Low-risk women giving birth to their first baby in private hospitals are more likely to have a surgical birth than a normal vaginal birth, according to new Australian research.
A study of 691,738 women giving birth in New South Wales’ hospitals between 2000 and 2008 found the rates of obstetric intervention among low-risk women were highest in private hospitals and lowest in public hospitals.
The results of the study show private patients have higher rates of induction compared to public patients, at 31 per cent to 23 per cent; instrumental birth, at 29 per cent to 18 per cent; caesarean section, 27 per cent to 18 per cent, epidural, 53 per cent to 32 per cent, episiotomy, 28 per cent to 12 per cent, and lower normal vaginal birth rates, 44 per cent to 64 per cent.
The study also found 15 per 100 women in
private hospitals had a vaginal birth with no obstetric intervention compared to 35 per 100 women giving birth in public hospitals.
The University of Western Sydney study, published in the British Medical Journal’s Open journal, found the continual rise in obstetric intervention rates for low-risk women was “concerning” in terms of morbidity for women and also the cost to the public purse.
“The fact that these procedures which were initially life-saving are now so commonplace and do not appear to be associated with improved perinatal death rates demands close review,” it states.
“The findings of this study suggest that a two-tier system exists in Australia without any obvious benefit for women and babies and a level of medical over-servicing which is difficult to defend within a system that is bound by a finite health dollar.”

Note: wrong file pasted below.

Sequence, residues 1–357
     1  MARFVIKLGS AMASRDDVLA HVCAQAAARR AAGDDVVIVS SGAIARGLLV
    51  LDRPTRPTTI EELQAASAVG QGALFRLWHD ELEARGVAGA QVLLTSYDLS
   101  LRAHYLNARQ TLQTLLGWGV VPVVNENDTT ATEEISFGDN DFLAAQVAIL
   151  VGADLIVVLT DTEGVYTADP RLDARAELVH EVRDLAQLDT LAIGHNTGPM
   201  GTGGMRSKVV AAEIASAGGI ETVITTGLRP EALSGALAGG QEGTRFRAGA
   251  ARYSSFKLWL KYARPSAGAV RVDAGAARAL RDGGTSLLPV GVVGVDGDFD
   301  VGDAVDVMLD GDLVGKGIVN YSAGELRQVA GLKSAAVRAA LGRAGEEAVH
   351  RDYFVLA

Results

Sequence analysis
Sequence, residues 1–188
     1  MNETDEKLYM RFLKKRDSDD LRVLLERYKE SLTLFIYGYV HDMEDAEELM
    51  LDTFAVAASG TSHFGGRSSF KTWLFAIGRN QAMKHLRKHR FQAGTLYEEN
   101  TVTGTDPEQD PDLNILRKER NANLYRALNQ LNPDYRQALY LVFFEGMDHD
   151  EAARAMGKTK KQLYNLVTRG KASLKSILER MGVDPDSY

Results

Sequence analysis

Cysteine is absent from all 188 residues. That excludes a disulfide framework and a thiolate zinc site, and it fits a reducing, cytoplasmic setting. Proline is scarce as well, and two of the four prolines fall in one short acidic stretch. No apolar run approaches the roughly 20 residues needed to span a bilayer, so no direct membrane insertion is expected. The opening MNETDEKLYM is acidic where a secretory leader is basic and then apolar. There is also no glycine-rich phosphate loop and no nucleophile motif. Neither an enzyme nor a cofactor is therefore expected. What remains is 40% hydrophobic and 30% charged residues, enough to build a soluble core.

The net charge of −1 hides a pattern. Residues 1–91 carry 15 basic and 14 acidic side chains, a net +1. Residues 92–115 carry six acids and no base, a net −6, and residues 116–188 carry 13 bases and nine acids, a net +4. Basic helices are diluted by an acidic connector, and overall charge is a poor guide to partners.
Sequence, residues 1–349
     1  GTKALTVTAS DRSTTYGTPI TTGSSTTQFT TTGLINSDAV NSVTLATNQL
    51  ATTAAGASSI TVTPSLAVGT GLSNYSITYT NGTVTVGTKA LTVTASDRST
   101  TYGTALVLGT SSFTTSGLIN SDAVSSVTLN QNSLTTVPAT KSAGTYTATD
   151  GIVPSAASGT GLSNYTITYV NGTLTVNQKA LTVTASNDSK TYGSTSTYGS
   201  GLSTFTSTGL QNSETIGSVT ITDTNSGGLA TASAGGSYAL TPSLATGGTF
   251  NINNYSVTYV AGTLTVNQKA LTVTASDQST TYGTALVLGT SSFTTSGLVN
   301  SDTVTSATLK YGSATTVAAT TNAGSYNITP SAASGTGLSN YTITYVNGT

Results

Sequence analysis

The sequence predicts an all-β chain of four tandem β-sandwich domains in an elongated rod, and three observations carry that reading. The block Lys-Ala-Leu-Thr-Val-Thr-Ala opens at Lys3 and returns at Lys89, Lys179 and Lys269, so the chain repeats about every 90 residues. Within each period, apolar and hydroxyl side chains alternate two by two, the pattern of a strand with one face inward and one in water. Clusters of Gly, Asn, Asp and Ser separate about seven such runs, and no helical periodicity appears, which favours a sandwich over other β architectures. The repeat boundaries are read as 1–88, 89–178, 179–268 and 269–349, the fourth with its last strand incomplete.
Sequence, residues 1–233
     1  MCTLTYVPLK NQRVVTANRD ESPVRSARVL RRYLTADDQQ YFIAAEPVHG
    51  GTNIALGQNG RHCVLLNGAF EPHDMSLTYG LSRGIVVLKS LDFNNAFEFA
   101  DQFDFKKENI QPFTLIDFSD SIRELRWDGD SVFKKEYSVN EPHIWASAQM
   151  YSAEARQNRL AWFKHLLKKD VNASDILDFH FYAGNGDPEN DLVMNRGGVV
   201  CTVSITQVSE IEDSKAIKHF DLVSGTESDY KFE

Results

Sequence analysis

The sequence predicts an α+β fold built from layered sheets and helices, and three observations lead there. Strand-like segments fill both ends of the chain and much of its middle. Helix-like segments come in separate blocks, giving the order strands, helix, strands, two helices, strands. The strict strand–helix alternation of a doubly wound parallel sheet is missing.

UWS Associate Professor of Midwifery and leader of the study Hannah Dahlen said the study excluded 70 per cent of the population to focus particularly on low-risk women who were aged between 20 and 34, who were not pre-term or post-term and carried babies of a normal weight.
“We are trying to myth bust some of these arguments that these women are older and the women are fatter and the women are sicker and the women are asking for it,” she said.
“We can’t do anything about the women who are asking for it, and the argument that women are of a larger body mass is correct, they are getting larger but women in the private sector are much more likely to be of a normal BMI.”
Dr Dahlen said women need to make an informed choice and the intervention rates of obstetricians should be made public through the government’s MyHospitals website.
“Then women can make a truly informed choice and they are starting to do this in the United States,” she said.
“Women need to know there are many more options out there if they really want a natural childbirth.”
Dr Dahlen said evidence showed continuity of midwifery care for low-risk women with healthy pregnancies produced outstanding outcomes for mothers and babies.
“We have got the best evidence in the world now to tell us that’s the gold standard,” she said.